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Louisiana Purchase

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Grace Broomhead

on 11 December 2013

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Transcript of Louisiana Purchase

The Louisiana Purchase
by Grace Broomhead
French Relationships
Napoleon Bonaparte
These relationships lead to the Louisiana Purchase
Frances Reasons
After coming to the realization of his failing military in the North American lands and in St. Domingue, Napoleon decided to sell the land, to the United States. He Used the money for military funds and the war with Britain
Leader of France
Napoleon was a french military leader who rose to power during the chaos of the french revolution.
After he gained power Napoleon began to set his goals upon Europe in hopes to later rule most of the land
The Louisiana Territory was obtained to try and revive the French Empire
He had hopes to recapture a valuable sugar colony in St. Domingue from a slave rebellion and use the Louisiana Territory as his empire
He also hoped to make a colony in North America
During this time France was involved in a war with England that had been going on for some time.
Before the Purchase
Before we gained the Louisiana Territory, our country tried to expand our lands and purchase New Orleans and part of Florida from France. Napoleon later made an offer for all of the Louisiana Territory to be sold to the United States.
The Louisiana Purchase
The Purchase
During the time Thomas Jefferson was in presidency and sent out James Monroe to talk out a plan with France.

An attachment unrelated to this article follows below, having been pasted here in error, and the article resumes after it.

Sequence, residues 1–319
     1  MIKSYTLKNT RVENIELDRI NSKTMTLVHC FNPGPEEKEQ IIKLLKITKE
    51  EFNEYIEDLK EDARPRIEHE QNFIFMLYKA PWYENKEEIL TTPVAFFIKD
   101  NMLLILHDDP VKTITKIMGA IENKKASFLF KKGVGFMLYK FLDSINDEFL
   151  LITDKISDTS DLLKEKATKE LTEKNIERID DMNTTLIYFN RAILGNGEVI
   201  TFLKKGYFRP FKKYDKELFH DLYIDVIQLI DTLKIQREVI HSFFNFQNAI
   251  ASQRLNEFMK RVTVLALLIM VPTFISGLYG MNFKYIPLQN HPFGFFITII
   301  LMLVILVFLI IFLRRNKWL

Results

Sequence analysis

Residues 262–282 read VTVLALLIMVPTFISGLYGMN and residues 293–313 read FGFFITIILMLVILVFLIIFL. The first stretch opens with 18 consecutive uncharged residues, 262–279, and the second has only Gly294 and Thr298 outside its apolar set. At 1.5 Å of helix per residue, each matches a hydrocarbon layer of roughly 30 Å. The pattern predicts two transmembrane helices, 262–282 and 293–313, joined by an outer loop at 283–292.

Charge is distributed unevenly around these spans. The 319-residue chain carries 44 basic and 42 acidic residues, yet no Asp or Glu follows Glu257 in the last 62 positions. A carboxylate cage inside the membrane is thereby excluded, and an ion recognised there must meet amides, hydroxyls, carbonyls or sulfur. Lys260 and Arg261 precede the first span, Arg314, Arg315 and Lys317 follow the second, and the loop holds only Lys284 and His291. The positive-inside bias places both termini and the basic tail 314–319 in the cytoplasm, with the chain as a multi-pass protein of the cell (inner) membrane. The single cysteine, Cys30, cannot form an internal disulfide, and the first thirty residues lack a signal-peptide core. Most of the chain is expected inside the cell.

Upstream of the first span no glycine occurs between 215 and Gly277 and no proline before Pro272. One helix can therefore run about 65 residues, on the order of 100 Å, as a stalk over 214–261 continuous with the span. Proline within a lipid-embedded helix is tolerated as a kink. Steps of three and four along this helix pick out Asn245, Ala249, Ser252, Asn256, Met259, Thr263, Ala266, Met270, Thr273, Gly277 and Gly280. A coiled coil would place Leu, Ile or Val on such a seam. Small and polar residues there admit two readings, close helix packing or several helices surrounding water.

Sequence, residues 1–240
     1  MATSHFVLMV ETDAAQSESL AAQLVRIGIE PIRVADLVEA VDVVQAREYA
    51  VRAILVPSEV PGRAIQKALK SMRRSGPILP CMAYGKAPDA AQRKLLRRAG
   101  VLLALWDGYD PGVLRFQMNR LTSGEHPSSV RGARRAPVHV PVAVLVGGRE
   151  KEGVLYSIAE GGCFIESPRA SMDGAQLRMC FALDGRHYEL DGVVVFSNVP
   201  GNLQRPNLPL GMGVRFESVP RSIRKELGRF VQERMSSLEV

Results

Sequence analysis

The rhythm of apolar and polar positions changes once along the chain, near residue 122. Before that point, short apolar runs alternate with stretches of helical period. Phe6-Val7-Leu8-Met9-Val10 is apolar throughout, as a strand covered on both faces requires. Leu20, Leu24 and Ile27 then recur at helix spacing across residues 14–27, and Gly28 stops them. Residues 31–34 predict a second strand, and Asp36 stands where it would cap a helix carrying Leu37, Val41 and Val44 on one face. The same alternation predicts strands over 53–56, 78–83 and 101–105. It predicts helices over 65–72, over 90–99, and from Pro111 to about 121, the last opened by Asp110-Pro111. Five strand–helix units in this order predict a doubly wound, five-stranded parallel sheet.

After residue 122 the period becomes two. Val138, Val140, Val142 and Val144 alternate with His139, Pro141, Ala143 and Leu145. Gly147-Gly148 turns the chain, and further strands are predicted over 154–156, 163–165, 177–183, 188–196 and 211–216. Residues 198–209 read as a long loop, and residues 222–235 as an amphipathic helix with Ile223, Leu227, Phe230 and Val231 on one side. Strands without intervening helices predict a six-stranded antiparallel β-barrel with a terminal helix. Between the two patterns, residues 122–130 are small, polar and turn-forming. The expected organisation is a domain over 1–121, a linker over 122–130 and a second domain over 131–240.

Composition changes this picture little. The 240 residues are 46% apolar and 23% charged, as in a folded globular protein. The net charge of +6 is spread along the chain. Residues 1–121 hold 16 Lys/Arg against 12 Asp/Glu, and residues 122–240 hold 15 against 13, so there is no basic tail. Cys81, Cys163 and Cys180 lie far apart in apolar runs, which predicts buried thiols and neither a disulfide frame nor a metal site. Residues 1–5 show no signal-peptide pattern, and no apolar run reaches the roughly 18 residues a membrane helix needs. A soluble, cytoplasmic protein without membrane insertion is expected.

France offered the land to the united states for a price tag of 15 million dollars exceeding what we wanted to spend.
Jefferson thought at the time that the purchase would be unconstitutional.
"He understood that the acquisition of Louisiana had enormous implications for the nation's development, setting the stage for future increased trade and westward expansion. If Jefferson accepted the offer, The United States would double in area, and both banks of the Mississippi River would be under American control."
Jefferson, a strict constitutionalist, decided to go ahead with the deal.
Jefferson requested congressional funding before the deal was signed, for a cross country survey of the land they were about to obtain
The land that once belonged to France was now ours, setting up a series of positive effects for both the United States and Jefferson
The Positive Effects of the Louisiana Purchase
Positive effects on the United States
Doubled our amount of land
Westward Expansion
Better reputation for Jefferson
Boost of the economy
Work Cited
Kastor, Peter J. "Louisiana Purchase." Encyclopedia of the New American Nation. Ed. Paul Finkelman. Vol. 2. Detroit: Charles Scribner's Sons, 2006. 307-309. Gale Virtual Reference Library. Web. 3 Dec. 2013.

Lawrence W. Baker "Louisiana Purchase." Shaping of America, 1783-1815 Reference Library. Vol. 4: Primary Sources. Detroit: UXL, 2006. U.S. History in Context. Web. 3 Dec. 2013.

Sonia Benson, Daniel E. Brannen, Jr., and Rebecca Valentine. "Louisiana Purchase." UXL Encyclopedia of U.S. History. Vol. 5. Detroit: UXL, 2009. Gale Virtual Reference Library. Web. 3 Dec. 2013.

Thomas Carson and Mary Bonk. "Louisiana Purchase." Gale Encyclopedia of U.S. Economic History. Detroit: Gale, 1999. U.S. History in Context. Web. 3 Dec. 2013.
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